God can reveal the self-centeredness of our ambitions and bring us to a place of repentance where we can truly be broken over our sin of bowing down to fame and approval.

  • Hit pause on social media

If logging off social media for a few days or a couple of weeks feels like it will signal the end of the world, that may be an indicator of where our treasure lies. As Tim Keller in his book Counterfeit Gods says, “When anything in life is an absolute requirement for your happiness and self-worth, it is essentially an ‘idol,’ something you are actually worshipping.”

  • Trust God to establish the work of our hands

There’s a clear distinction between doing the work and gaining recognition for the work. Moses in Psalm 90:17 prays: "May the favour of God rest upon us. Establish the work of our hands for us. Establish the work of our hands."

We are called to work for the glory of God (Colossians 3: 23-24). But God does the establishing for us, on our behalf. Even if it means our platforms of influence may never be noteworthy in the world’s eyes, we can trust God to establish and use the gifts He has invested in us for His glory and His kingdom.

  • Let God impress on our hearts the beauty of the quiet and the ordinary

In a world of bright lights and big stages, let’s be a people set apart. As Paul instructs the Thessalonians, let’s “aspire to live quietly.” (1 Thessalonians 4: 11)

We need to withdraw to a quiet place like Jesus did (Luke 5: 16) and consistently drink from God’s Word away from the spotlight before we can pour out. It’s only then we can pour forth Jesus—and not from an overflow of being too full of ourselves.

  • Delight in the Lord

We can overcome the compulsion to make a “name for ourselves” when we truly delight in Jesus. Like David may we be able to say: "One thing have I asked of the Lord; that will I seek after: that I may dwell in the house of the Lord all the days of my life, to gaze upon the beauty of the Lord and to inquire in his temple." (Psalm 27: 4)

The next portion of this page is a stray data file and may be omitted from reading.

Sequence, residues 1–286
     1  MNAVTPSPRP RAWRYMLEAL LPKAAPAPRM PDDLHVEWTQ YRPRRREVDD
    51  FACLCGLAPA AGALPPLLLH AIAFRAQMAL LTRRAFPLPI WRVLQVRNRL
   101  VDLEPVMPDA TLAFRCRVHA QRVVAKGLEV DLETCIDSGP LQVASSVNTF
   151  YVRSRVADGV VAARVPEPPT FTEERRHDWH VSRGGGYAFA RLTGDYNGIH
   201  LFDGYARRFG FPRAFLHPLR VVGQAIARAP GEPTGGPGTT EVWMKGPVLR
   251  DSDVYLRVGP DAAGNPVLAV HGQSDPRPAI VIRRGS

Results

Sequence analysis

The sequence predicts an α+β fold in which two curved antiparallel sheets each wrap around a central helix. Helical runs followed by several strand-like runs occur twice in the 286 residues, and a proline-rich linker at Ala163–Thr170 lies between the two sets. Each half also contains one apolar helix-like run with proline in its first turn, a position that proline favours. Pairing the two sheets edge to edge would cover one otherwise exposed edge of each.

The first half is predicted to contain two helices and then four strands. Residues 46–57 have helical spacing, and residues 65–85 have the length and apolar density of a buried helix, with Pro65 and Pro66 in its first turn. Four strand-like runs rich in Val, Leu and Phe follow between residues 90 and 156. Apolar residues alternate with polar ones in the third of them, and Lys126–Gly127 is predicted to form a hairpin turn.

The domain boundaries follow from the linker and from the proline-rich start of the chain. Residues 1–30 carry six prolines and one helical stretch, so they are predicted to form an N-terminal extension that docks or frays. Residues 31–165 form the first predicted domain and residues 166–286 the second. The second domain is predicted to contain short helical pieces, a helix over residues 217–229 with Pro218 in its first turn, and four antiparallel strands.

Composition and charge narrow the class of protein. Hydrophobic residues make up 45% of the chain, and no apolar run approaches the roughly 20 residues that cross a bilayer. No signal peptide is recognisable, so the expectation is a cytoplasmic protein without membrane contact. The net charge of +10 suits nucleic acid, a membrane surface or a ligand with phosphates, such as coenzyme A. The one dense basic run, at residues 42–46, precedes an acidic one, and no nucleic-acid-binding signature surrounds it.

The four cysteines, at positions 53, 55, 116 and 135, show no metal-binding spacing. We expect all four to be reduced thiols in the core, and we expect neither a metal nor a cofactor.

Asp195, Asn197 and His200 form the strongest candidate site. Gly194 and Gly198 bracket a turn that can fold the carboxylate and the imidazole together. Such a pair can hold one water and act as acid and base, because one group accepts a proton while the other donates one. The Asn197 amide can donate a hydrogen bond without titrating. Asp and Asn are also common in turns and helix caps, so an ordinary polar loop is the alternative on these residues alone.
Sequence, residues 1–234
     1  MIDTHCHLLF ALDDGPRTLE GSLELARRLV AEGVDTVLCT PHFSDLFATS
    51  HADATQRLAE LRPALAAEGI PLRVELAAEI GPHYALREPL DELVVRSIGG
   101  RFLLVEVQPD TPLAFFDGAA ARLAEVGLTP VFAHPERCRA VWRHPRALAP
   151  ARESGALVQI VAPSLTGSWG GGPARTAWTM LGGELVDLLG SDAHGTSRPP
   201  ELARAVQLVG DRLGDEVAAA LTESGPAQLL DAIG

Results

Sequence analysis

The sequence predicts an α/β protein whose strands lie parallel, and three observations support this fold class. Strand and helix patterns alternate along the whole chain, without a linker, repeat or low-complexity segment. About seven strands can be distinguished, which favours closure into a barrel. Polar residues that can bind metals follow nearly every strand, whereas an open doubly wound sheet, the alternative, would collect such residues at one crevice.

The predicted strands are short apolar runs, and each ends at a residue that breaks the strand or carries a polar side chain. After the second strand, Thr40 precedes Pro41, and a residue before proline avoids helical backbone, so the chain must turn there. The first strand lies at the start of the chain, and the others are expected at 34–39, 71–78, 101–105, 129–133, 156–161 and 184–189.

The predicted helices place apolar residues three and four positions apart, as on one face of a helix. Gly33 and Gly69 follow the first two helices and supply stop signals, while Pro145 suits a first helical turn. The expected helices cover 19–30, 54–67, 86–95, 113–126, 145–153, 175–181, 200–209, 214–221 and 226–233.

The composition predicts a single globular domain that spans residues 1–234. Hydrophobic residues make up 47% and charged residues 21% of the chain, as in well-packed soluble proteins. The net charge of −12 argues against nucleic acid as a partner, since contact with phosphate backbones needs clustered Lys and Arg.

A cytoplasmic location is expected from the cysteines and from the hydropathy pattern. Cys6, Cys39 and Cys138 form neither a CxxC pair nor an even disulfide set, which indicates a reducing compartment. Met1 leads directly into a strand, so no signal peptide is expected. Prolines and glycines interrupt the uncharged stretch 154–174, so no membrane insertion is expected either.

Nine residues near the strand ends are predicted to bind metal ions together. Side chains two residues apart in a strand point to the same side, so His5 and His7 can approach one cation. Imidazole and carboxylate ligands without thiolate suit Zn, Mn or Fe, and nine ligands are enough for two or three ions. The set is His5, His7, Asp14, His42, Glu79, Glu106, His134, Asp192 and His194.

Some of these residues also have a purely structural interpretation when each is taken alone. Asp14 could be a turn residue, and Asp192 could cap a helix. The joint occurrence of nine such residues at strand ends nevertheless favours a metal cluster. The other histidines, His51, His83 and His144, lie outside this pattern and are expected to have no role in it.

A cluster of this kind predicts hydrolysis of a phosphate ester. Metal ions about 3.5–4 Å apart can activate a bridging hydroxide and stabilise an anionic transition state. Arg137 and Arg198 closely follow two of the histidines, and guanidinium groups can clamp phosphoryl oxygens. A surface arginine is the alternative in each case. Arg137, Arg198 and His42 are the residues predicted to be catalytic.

When we fall to our knees and know Jesus as our chief delight and greatest satisfaction then we won't look for significance in the idol of approval or in the lure of platform. 

 

 

Photo by Joshua Hoehne on Unsplash

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When she's not smuggling chocolate past her kids or drinking gallons of coffee, Susan Narjala can be found writing, baking and (thinking about) working out. She grew up in Chennai, lived in Portland, Oregon, for the last ten years and is now back in India with her family. She finds nuggets of humour in the everyday, and writes about it on on her blog, www.susannarjala.com

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4 comments on “Is Pursuing Platform Taking Precedence Over Glorifying God?”

  1. Thank you for this. This was something that I felt God was addressing even before I started blogging. And He very clearly told me that I was only to write and not at all be concerned about who it was reaching and how. And that that was His responsibility and not mine.

    I still struggle with it, though. I get caught up in the writing and publicizing sometimes that I lose sight of the real thing at times. But God reminds me time and again that this is not about me but all about Him.

    1. Thank you for sharing, Tina! I understand the struggle. It's so easy to forget that it's all about Him. May we press on in wanting to glorify Him in all we do!